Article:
How rebalancing his legs in rehab made Chris Froome believe he could win again

Froome estimates he was riding a 20 percent quad strength deficit on the right side last year. He spent much of his winter in California at the Red Bull High Performance Center in Santa Monica to remedy this imbalance. “Much of the first part of this year has also been devoted to rehabilitation,” he says. “I think it was a necessary step to take, but it probably meant that the driving side of things was compromised. Anyway, I am convinced that this is no longer a factor.

The other reason for Froome’s optimism concerns the necessary break-in period he needs with his new squad, a transition which he says is massively underestimated. “I think people kind of take a rider who changes teams for granted,” he said. “They think it’s going to be the same, only on a different bike, different kits, but these changes can really be quite disruptive. It took me months to really get to grips with all the new equipment; help iron out some small issues.

Once again, Froome is confident they’ve solved these issues now, and he says it will be even more rewarding if he returns to the winner’s circle.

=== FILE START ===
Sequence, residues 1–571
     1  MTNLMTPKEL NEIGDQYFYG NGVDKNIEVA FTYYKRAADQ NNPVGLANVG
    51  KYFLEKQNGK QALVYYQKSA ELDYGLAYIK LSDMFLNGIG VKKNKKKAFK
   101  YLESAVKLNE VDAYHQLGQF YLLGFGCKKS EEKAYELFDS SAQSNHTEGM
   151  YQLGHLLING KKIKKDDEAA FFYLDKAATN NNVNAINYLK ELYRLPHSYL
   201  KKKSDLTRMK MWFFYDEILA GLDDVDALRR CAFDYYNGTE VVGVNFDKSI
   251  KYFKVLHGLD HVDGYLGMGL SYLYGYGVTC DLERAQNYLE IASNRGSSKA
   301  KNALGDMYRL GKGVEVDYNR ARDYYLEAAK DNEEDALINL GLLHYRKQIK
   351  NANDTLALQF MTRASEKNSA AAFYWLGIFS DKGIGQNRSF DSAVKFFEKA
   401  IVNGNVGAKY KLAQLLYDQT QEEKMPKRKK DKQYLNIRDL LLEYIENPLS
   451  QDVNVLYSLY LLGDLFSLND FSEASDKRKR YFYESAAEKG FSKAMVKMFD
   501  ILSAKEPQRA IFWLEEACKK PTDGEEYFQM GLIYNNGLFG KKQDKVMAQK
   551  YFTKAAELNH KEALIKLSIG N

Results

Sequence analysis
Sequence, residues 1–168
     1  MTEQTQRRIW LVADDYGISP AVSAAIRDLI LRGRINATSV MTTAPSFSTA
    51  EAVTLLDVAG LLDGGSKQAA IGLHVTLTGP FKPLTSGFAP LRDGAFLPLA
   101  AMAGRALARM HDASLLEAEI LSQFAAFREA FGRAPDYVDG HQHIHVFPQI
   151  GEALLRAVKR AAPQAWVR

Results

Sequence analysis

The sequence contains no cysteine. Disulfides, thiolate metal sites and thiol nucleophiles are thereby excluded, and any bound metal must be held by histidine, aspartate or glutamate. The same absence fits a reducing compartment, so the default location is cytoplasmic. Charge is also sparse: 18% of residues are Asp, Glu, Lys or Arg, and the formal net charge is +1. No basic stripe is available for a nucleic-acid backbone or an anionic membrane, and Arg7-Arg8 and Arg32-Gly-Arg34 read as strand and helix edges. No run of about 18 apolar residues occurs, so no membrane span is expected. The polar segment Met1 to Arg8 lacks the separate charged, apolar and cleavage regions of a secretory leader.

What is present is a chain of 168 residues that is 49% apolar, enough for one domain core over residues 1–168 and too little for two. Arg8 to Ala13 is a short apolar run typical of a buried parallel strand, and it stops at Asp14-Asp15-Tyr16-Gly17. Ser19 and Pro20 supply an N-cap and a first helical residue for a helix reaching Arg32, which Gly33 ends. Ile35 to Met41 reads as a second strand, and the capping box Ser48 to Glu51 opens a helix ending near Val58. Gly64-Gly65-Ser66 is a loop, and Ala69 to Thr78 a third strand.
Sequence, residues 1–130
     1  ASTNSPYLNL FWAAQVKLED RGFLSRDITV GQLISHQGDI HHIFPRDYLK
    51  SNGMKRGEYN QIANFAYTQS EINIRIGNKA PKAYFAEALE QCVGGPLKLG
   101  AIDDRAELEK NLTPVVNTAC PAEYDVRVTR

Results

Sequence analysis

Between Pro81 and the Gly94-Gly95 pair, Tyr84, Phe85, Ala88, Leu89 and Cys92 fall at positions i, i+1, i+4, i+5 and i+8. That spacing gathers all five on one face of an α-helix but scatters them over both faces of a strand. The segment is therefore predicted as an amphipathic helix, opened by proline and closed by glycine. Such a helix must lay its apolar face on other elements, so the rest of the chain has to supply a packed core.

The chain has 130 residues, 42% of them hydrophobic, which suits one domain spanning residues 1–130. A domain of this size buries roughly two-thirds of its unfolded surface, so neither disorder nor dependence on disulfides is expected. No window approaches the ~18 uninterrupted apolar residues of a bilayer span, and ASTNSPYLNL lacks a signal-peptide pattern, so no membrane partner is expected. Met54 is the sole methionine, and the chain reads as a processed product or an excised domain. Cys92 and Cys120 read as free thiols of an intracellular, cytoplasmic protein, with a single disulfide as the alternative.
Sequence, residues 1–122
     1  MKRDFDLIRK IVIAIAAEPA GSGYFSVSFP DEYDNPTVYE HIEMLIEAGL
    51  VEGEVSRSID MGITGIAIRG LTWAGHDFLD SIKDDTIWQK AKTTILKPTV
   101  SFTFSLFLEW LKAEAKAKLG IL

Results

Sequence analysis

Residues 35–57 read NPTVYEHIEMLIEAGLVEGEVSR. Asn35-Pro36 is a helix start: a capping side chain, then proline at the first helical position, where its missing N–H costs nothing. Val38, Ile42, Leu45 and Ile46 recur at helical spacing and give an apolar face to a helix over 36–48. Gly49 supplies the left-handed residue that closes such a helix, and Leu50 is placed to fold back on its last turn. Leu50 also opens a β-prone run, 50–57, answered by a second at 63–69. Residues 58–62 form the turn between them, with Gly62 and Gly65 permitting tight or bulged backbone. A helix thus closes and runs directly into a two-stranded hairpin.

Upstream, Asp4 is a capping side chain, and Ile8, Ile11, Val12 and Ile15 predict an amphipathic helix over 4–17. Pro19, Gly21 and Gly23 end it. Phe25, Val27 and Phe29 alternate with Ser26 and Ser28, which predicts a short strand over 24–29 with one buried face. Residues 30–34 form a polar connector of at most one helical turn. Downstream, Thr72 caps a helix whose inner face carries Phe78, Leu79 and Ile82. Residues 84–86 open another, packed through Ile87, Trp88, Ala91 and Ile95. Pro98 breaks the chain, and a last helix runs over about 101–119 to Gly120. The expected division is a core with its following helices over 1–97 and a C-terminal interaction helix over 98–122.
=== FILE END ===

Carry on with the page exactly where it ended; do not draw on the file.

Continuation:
“It was a very different mindset at Ineos,” he says. “You were a pilot and had virtually no interaction with suppliers or daily feedback on technical items. This has all been taken care of for you as a rider so that you can just think about riding a bike, and it works very efficiently.

“At ISN we are much more involved with sponsors, giving feedback directly to vendors and developers. It does take up a bit of head room, but getting more involved would make it, I imagine, even more rewarding. “

Froome cites Mark Cavendish’s return to the Tour, at 36 and after a three-year winning drought, as an example why you should never give up. “I can’t think of anyone who deserves it more,” he said. “He worked his nuts to get into that position.”

In the meantime, he says, he will bow his head and work for designated team leader Michael Woods. His role as road captain means he’ll be responsible for making sure everyone is where they’re supposed to be, that the team doesn’t miss any breaks, that Woods is always protected. Froome describes the Canadian as a “dark horse” for the overall standings, naming Geraint Thomas as the most likely of the Ineos quartet to challenge Slovenian favorites Primoz Roglic and Tadej Pogacar. “The two time trials could really work in G’s favor,” he said.

Froome jokes that we probably won’t see him run to Ventoux this year to protect the yellow jersey, as he did in the Tour’s last showdown against the Giant of Provence in 2016 after being knocked down from his bike. But after everything he’s been through, he’s just grateful to be there. “It’s a very different feeling, but it’s a really big step for me,” he says. “I hope this will take me to the next level.”

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